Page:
As names go, ‘Chaos Agents’ might seem a little vague. However, there’s nothing vague about Popularium Games’ ambitious plans for this distinctive upcoming free-to-play strategy game. This bold hybrid of auto battler and battle royale aims to offer a novel experience, where players master their own uniquely generated characters.
Battle royale titles are known for their mass combats, where only one player can walk away victorious, while auto battlers have players select strategies that their units will then carry out without their direct input. Both genres are titanic features of the video game landscape, but never before have the two met quite like this.
Chaos Agents is the brainchild of four industry luminaries who came together to found Popularium Games back in April. The team includes legendary game designer Richard Garfield, known as the father of Magic: The Gathering, the world’s most popular trading card game, and Skaff Elias, who brings over 30 years of creative experience to the table across video games, tabletop RPGs and Magic itself. Hearthstone veteran Jonathan Bankard and ex-Microsoft business development manager Arka Ray round out the group, with the latter being Popularium’s president and technical director.
TechRadar Gaming sat down with all four of these seasoned figures in an effort to get to the bottom of what to expect from Chaos Agents.
For the team at Popularium, it starts with this idea of ‘uniqueness’. “I can confirm that Richard [Garfield], for about 30 years now, has been interested in this unique deck thing,” said Elias. “When we were first playing Magic, all the decks were unique [...] every deck really did feel different. Magic [then] moved into this space where people were constructing their decks [instead of using random ones]. The uniqueness of what you own gets lost because you’re building towards this sort of internet-optimized build.”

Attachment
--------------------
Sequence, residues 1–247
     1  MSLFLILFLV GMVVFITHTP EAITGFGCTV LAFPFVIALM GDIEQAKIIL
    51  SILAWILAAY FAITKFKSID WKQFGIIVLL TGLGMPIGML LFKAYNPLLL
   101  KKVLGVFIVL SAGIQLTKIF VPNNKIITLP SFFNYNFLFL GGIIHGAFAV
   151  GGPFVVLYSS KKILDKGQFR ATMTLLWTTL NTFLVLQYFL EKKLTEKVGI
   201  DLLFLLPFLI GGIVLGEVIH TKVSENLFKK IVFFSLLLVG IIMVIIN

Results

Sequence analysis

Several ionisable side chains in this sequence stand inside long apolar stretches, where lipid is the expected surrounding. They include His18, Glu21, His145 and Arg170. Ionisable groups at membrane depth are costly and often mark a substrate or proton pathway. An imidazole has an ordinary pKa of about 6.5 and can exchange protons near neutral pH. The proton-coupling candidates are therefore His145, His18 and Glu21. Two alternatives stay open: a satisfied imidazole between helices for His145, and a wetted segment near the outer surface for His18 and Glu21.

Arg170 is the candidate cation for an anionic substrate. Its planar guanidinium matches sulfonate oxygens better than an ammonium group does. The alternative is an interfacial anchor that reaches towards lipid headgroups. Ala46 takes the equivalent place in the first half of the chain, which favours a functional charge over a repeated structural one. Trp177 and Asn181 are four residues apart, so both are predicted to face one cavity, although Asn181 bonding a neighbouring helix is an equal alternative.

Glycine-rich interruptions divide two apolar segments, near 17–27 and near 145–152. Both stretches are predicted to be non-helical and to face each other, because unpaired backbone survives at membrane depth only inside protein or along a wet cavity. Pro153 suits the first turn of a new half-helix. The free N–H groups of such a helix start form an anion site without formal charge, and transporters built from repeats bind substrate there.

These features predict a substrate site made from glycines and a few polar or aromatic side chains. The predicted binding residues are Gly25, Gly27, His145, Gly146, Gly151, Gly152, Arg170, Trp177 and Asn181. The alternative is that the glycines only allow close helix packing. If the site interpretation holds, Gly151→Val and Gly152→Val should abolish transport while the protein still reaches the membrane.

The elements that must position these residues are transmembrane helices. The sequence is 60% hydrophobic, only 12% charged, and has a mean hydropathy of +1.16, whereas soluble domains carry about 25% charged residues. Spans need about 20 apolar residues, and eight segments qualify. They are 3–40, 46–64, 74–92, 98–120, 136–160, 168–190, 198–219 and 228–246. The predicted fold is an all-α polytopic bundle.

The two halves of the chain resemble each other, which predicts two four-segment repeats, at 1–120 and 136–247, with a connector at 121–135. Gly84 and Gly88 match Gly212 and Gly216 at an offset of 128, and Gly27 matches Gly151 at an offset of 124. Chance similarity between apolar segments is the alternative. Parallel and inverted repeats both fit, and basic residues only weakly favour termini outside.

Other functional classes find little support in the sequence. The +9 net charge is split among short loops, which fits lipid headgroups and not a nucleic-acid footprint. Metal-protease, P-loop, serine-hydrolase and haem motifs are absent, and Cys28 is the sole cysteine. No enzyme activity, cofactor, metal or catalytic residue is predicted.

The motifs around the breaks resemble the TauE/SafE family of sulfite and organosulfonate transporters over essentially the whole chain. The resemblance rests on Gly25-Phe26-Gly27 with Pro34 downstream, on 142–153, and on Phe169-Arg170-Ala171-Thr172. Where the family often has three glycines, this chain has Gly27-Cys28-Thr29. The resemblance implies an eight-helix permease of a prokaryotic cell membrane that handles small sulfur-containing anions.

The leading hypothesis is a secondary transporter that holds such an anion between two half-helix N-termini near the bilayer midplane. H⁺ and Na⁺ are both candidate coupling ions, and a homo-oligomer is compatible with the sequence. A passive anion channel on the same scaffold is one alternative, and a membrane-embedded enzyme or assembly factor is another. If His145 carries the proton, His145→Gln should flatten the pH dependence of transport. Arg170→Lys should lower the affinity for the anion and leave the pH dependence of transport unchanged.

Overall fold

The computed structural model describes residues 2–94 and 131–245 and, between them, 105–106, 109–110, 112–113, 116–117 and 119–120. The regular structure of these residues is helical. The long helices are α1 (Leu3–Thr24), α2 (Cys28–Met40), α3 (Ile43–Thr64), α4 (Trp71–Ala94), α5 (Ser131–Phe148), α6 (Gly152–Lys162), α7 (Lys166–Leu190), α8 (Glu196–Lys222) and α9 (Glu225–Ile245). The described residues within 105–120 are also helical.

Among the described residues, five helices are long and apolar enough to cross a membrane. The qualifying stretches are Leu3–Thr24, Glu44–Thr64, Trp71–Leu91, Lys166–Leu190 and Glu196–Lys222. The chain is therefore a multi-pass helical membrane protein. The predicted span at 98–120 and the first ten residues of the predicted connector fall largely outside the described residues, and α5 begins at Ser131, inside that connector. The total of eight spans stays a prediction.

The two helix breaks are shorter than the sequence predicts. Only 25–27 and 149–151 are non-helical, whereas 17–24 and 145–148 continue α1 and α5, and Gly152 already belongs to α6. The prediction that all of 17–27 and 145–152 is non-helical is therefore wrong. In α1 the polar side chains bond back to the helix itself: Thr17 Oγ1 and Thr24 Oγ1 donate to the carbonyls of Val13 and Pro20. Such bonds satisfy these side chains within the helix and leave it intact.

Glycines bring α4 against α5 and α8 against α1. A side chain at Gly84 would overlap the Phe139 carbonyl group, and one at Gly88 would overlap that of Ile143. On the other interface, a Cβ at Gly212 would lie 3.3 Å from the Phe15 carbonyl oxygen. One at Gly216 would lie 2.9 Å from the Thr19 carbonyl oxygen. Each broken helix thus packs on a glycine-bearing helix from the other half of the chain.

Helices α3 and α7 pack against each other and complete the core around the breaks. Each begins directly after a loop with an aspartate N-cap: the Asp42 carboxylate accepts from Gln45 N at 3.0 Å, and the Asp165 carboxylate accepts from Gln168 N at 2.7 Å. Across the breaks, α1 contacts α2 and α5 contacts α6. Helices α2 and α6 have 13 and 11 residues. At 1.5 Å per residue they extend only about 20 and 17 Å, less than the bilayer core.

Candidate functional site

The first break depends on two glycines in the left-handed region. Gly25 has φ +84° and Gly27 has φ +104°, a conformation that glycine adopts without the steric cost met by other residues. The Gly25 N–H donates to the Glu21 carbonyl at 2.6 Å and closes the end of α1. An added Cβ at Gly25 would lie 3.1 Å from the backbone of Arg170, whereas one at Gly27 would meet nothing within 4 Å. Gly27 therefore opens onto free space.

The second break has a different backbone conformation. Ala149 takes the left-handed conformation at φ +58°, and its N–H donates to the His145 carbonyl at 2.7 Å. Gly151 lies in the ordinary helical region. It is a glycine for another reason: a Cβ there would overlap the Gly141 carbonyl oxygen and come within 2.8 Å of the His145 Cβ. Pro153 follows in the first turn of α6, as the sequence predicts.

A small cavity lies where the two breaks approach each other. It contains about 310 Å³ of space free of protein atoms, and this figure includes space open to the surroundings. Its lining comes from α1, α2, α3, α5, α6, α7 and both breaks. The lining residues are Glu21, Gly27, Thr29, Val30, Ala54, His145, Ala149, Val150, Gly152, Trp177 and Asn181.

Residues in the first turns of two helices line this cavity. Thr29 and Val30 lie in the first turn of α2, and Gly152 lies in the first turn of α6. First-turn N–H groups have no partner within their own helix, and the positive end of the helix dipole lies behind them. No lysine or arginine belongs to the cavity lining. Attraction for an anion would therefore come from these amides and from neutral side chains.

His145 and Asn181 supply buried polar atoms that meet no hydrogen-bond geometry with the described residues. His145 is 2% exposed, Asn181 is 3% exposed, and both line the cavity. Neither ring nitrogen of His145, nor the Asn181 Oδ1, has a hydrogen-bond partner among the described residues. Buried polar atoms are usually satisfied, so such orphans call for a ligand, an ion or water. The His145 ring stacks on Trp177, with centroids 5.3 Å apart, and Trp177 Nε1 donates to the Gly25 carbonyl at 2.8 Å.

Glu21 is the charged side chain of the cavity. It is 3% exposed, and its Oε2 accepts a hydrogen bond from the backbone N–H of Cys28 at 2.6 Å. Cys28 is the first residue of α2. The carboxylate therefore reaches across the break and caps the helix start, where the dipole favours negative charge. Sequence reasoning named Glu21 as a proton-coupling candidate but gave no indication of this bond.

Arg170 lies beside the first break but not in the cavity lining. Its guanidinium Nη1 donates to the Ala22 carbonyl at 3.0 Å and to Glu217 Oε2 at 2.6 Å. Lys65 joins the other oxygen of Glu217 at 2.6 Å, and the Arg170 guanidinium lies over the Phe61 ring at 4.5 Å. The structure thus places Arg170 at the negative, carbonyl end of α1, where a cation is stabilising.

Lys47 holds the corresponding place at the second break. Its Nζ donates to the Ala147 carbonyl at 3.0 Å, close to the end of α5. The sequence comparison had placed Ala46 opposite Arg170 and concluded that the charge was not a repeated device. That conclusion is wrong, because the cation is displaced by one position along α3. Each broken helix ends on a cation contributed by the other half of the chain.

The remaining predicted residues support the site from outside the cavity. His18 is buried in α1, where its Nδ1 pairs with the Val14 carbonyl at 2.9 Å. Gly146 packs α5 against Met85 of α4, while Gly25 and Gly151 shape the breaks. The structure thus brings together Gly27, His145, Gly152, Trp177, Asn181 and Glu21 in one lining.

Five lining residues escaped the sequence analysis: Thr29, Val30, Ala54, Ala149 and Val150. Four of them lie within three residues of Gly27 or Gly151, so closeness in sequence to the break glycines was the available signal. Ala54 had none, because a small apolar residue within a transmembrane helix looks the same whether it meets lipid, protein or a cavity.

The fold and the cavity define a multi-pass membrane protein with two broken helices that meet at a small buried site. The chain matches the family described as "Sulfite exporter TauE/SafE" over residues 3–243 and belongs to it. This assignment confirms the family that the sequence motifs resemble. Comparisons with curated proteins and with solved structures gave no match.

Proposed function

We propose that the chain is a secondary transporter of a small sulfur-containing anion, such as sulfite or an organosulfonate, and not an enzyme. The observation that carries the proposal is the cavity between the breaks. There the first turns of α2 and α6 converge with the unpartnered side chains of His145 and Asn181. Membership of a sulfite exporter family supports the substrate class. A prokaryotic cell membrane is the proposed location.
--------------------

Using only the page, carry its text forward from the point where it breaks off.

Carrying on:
In this way, Chaos Agents is intended to be an answer to metagame-heavy titles like Diablo 4 and Overwatch 2. Garfield was keen to stress that while you have unique characters in Chaos Agents, “it’s not like Diablo, because in Diablo everybody’s got particular character classes, and they can exploit it. Here, your characters will actually be unique, they have their own skills and you will become the world expert in managing your character.”
This emphasis on unique characters is only one of what Garfield calls the “three principle pillars” of the game. The other two major elements that make up Chaos Agents can be found across the twin foundations of battle royale and auto battler design.
“The auto battler has fascinated all of us,” said Elias. “The idea that you could get the richness of a computer interaction and all this detailed gameplay, but, as a player, not be bound by twitch and [be] able to participate at all levels of skill - that’s a really appealing thing [...] It’s [also] very good for handling lots of players.” This is where the battle royale element comes in.
During a hands-off preview of a very early build of the game, I was able to see what this meant in practice. Chaos Agents pits a large number of bespoke characters against one another in an isometric arena where players alternate between planning phases and battle phases. In the planning phase, players select strategies and abilities for their character before the AI executes these plans in the battle phase. The phases alternate every 20 seconds in what Garfield calls the “lean forward and lean back loop”.
However, Chaos Agents offers a twist on the traditional auto battler formula, which usually has players face off in self-contained one-on-one engagements. “One of the big innovations for us in the battling phase is that it’s one continuous match,” commented Hearthstone veteran Jonathan Bankard. “It’s not a series of one-v-one battles like you would see in a traditional auto battler.”